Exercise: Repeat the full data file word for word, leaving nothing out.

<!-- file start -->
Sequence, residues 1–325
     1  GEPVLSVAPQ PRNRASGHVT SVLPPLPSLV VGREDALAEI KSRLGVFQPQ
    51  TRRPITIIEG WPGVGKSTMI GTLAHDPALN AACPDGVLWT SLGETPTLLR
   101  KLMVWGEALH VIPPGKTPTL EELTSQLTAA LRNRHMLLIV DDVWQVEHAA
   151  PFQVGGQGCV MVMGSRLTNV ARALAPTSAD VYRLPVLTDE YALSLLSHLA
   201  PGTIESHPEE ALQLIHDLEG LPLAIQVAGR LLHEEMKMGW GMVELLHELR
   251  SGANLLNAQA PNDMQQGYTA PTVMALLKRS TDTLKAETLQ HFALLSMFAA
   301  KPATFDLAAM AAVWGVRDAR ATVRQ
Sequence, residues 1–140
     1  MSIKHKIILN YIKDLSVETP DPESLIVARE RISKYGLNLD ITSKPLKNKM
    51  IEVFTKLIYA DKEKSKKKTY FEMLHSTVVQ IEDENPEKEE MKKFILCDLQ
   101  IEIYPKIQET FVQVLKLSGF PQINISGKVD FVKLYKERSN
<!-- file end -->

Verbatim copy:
Sequence, residues 1–325
     1  GEPVLSVAPQ PRNRASGHVT SVLPPLPSLV VGREDALAEI KSRLGVFQPQ
    51  TRRPITIIEG WPGVGKSTMI GTLAHDPALN AACPDGVLWT SLGETPTLLR
   101  KLMVWGEALH VIPPGKTPTL EELTSQLTAA LRNRHMLLIV DDVWQVEHAA
   151  PFQVGGQGCV MVMGSRLTNV ARALAPTSAD VYRLPVLTDE YALSLLSHLA
   201  PGTIESHPEE ALQLIHDLEG LPLAIQVAGR LLHEEMKMGW GMVELLHELR
   251  SGANLLNAQA PNDMQQGYTA PTVMALLKRS TDTLKAETLQ HFALLSMFAA
   301  KPATFDLAAM AAVWGVRDAR ATVRQ
Sequence, residues 1–140
     1  MSIKHKIILN YIKDLSVETP DPESLIVARE RISKYGLNLD ITSKPLKNKM
    51  IEVFTKLIYA DKEKSKKKTY FEMLHSTVVQ IEDENPEKEE MKKFILCDLQ
   101  IEIYPKIQET FVQVLKLSGF PQINISGKVD FVKLYKERSN